David Anderson: Vigilantes, Violence and the politics of public order in Kenya
-The article looks at the proliferation of vigilante groups in Nairobi as a product of rising urban crime
but also as tactic of the ruling party KANU to protect its interests.
-The Kariobangi massacre of 2002 where a group of armed ‘mungiki’ sect members retailiated against an
earlier clash with the ‘taliban’ vigilante group, killing several innocent people. Questions arose as the the
possible political motivation of such an attack, as the Mungiki were rumoured to be protected by
political actors, and even backed by police.
--The Mungiki are originally from the Gikuyu ethnic group and were part of a breakaway protestant
church faction that made reference to traditional pre-colonial Gikuyu egalitarianism ect. Found broad
support in slums as a critique of the Kenyan state. Members make constant reference to the oppression
of the Kenyan state and cultural imperialism. Mungiki calls for Gikuyu people to throw off the chains of
colonialism and cultural imperialism and encourages unity amongst Gikuyu. Excludes all other enicities,
is not a Kenyan nationalist movement. Calls for the restoration of traditional practices.
-The Mungiki is interesting in its hybrid nature as rural movement and urban militia and also in terms of
its apparent ideological incohesivenss, several members made statements which contradicted its core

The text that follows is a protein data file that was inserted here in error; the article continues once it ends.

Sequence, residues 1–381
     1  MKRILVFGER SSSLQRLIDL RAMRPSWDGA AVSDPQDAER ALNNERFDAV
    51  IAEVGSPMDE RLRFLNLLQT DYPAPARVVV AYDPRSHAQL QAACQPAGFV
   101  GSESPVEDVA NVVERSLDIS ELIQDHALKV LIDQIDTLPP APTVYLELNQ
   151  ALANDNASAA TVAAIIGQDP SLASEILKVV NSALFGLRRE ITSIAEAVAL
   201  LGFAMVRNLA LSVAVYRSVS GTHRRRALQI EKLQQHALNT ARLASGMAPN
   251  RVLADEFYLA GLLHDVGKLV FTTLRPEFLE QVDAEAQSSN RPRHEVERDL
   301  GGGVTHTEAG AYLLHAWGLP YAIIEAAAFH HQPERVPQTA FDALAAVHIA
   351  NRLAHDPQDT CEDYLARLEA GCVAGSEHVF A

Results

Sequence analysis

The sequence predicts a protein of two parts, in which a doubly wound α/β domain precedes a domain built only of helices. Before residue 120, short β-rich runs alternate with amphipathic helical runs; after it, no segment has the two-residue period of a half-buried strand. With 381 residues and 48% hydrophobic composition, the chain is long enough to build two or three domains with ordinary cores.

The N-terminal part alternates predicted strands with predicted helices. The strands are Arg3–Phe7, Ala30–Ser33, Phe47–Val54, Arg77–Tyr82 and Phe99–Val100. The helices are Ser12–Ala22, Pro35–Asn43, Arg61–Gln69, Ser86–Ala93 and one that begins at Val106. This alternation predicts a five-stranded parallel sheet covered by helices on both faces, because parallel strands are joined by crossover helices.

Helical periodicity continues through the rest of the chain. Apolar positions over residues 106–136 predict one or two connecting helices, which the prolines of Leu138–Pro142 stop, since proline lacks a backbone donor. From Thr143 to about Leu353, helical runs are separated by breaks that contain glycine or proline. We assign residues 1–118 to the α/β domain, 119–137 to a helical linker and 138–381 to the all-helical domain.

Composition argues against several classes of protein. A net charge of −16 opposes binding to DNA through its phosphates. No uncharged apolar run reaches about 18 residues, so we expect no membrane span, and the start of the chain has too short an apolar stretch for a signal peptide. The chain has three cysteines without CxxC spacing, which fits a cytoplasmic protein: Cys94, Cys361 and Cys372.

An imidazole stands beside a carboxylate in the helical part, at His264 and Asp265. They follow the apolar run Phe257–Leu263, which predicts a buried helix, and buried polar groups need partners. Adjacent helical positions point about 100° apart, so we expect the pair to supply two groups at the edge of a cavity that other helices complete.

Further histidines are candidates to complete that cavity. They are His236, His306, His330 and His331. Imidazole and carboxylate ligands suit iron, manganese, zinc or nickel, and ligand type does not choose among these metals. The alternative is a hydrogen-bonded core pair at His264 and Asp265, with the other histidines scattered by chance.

beliefs. Recently, in an aexmaple of opportunism, several high ranking members announced publically
that they planned toc ovnert to islam and that any attacks against the organization would be attacks on
muslims worldwide. This came in the face of a planned crackdown by government forces.
-Recently the organization disrupted mini-bus services throughout the city, demanding that they be
allowed to manage them in light of fare increases and alleged corruption. They claimed to have political
and police backing.
-also during rent riots in slums the organization took the side of the primarily muslim landlords. This
highlighted the ethnic, economic and political implication of the organizations activites.
-Although no concrete link has been established, widespread speculation in Kenyan newspapers that
the organization is supported by KANU has caused concern. The failure of the police to arrest
members after signifgant incidents provides further evidence. Also there has been rumo